I’ve had this blog post in my mind to write for the past month or so and I’m finally just getting around to it while I’m waiting to board my flight back home.
These are just five more Power BI tips and tricks that I think everyone should know in order to get the most out of Power BI and produce better, more useful, and more powerful Power BI reports for their users. So without further ado, here are five more Power BI tips in no particular order. Enjoy!
Create a Calculated Measure to Display Descriptive Tooltips
In last month’s update to Power BI Desktop, customizable tooltips were added to Power BI giving us the ability to add additional measures to a tooltip for a data point in a chart as seen here.
This is great when I need to add additional context to something like a bar chart or column chart through a measure.
But what if I want to show a descriptive field as a tooltip? As of now, only measures can be displayed in the tooltip. But have no fear! One way to work around this is to create a custom calculation to display my descriptive field.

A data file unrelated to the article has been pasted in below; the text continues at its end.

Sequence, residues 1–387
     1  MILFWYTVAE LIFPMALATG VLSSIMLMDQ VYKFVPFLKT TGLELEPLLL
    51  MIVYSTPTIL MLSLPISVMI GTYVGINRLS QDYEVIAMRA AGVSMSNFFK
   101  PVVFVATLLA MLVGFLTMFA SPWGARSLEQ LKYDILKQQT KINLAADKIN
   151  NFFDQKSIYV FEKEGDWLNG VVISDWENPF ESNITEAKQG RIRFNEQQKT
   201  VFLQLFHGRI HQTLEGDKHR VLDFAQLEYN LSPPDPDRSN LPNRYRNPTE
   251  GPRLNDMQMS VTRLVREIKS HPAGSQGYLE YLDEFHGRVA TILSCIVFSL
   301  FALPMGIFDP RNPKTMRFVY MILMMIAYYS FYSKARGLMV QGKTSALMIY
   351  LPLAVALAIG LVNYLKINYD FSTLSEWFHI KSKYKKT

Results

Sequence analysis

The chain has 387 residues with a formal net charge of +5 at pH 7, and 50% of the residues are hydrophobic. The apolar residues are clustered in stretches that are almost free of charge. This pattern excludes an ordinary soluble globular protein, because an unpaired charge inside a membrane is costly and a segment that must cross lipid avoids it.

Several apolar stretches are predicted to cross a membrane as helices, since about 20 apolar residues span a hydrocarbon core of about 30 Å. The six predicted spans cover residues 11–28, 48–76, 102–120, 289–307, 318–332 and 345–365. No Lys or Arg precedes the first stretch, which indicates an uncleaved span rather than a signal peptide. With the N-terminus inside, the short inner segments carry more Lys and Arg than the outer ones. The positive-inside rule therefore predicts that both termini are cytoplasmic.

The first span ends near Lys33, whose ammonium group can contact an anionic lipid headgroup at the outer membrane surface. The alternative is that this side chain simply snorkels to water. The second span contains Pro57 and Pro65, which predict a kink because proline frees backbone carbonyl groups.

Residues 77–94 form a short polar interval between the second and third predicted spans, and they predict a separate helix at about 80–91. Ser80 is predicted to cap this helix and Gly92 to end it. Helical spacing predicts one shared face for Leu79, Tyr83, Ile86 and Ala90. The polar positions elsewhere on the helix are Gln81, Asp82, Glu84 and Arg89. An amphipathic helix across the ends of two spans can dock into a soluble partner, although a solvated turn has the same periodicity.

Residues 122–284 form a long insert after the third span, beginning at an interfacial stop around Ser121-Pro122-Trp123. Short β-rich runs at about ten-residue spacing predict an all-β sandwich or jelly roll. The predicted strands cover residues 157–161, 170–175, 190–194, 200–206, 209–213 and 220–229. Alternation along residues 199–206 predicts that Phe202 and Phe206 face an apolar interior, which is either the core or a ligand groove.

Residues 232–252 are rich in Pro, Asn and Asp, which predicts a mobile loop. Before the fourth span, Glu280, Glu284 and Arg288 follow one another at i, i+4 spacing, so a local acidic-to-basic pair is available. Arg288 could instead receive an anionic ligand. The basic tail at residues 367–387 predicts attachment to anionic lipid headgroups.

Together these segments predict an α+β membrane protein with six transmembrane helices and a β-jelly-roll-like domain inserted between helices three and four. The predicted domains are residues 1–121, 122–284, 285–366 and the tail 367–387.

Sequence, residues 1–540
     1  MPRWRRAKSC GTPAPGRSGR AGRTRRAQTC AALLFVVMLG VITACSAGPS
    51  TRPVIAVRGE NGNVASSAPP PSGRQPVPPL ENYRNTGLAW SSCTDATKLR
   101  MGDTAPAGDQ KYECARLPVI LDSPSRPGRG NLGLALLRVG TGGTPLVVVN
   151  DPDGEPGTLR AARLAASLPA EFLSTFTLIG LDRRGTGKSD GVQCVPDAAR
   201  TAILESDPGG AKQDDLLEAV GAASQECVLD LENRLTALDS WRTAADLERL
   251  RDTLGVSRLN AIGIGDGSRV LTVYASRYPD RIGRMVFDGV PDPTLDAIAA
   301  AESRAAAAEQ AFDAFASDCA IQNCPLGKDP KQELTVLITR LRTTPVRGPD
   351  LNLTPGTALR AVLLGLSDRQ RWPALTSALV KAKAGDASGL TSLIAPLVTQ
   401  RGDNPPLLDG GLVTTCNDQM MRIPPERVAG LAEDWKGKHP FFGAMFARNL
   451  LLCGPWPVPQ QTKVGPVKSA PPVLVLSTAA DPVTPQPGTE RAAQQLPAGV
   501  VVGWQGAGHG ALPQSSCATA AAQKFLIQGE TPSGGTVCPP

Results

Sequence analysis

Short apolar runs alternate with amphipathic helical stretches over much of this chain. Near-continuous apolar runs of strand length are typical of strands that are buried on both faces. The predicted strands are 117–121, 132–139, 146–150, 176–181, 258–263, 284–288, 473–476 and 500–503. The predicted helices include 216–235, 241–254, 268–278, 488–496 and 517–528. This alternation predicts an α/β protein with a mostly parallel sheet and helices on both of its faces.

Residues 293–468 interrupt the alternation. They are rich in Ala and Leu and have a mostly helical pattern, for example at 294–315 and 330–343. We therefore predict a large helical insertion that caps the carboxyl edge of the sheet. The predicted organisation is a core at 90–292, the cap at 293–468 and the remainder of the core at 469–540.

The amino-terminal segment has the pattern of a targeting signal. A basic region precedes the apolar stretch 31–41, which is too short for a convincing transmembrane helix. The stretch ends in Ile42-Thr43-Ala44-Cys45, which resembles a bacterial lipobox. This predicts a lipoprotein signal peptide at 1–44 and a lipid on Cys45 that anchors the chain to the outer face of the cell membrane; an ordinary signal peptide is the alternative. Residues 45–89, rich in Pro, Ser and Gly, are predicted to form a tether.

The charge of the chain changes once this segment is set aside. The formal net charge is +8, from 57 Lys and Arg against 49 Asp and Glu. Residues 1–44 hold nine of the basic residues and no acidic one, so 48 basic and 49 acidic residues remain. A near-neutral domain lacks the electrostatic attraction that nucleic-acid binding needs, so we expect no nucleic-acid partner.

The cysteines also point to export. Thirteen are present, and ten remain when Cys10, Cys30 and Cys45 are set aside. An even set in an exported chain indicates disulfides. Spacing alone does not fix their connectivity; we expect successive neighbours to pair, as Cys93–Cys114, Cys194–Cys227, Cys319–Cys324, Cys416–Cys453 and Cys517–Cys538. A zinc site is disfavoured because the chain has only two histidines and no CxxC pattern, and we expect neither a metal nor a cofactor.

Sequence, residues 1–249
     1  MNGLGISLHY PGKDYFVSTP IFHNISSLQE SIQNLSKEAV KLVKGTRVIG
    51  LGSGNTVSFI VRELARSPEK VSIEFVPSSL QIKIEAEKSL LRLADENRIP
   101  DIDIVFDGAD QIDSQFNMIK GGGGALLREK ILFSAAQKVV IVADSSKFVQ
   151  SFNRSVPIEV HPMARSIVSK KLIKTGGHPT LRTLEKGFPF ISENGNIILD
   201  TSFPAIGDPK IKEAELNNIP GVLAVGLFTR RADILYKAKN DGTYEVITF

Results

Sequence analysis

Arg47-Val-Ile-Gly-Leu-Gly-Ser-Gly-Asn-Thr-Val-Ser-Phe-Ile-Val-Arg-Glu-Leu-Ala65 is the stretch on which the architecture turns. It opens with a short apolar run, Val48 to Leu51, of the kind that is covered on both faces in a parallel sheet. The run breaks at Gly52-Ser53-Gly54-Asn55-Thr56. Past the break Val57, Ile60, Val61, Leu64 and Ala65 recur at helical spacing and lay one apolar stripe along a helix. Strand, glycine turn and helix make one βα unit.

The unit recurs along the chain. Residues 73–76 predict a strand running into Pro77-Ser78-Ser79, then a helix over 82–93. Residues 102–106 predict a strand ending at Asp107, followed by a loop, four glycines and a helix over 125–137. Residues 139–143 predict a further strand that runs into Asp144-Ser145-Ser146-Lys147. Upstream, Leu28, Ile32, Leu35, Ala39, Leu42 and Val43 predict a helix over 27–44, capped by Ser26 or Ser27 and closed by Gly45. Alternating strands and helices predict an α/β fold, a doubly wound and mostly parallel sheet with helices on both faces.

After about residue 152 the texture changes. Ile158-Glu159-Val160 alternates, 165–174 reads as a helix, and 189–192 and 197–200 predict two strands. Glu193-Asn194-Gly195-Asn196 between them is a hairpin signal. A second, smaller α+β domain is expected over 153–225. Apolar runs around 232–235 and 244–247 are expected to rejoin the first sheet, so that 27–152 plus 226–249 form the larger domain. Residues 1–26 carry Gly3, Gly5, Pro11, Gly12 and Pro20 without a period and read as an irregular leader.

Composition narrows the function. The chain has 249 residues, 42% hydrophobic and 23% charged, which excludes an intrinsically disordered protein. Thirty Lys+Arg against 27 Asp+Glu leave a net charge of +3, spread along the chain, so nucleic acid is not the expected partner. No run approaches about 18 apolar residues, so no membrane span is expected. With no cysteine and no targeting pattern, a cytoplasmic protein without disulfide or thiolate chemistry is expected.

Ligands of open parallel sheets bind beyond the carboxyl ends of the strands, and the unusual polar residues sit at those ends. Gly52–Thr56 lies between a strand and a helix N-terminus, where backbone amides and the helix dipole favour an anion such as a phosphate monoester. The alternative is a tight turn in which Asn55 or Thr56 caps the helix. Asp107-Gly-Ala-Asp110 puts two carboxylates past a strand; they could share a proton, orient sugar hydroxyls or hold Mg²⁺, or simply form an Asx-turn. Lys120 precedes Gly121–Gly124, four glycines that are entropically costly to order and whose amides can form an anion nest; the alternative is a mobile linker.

If I want to show a description of the classes within the subjects seen in the chart above, I can create a calculation like so:
Classes = CALCULATE(CONCATENATEX(VALUES(‘Grade data'[Class Name]),’Grade data'[Class Name],”, “))
So now I can show the classes within each subject as a tooltip:
But we can take this calculation a step further to make it a little bit more user friendly. What happens if there are 50 distinct values? That could be a really long, ugly tooltip. Let’s build in some logic to dictate what happens if there are more than a defined number of items (three in this example) listed in the tooltip calculation:
VAR ItemCount = DISTINCTCOUNT(‘Grade data'[Class Name])
IF(ItemCount >= 3,
CALCULATE(CONCATENATEX(TOPN(3,VALUES(‘Grade data'[Class Name])),’Grade data'[Class Name],”, “))&” and more…”,
CALCULATE(CONCATENATEX(VALUES(‘Grade data'[Class Name]),’Grade data'[Class Name],”, “))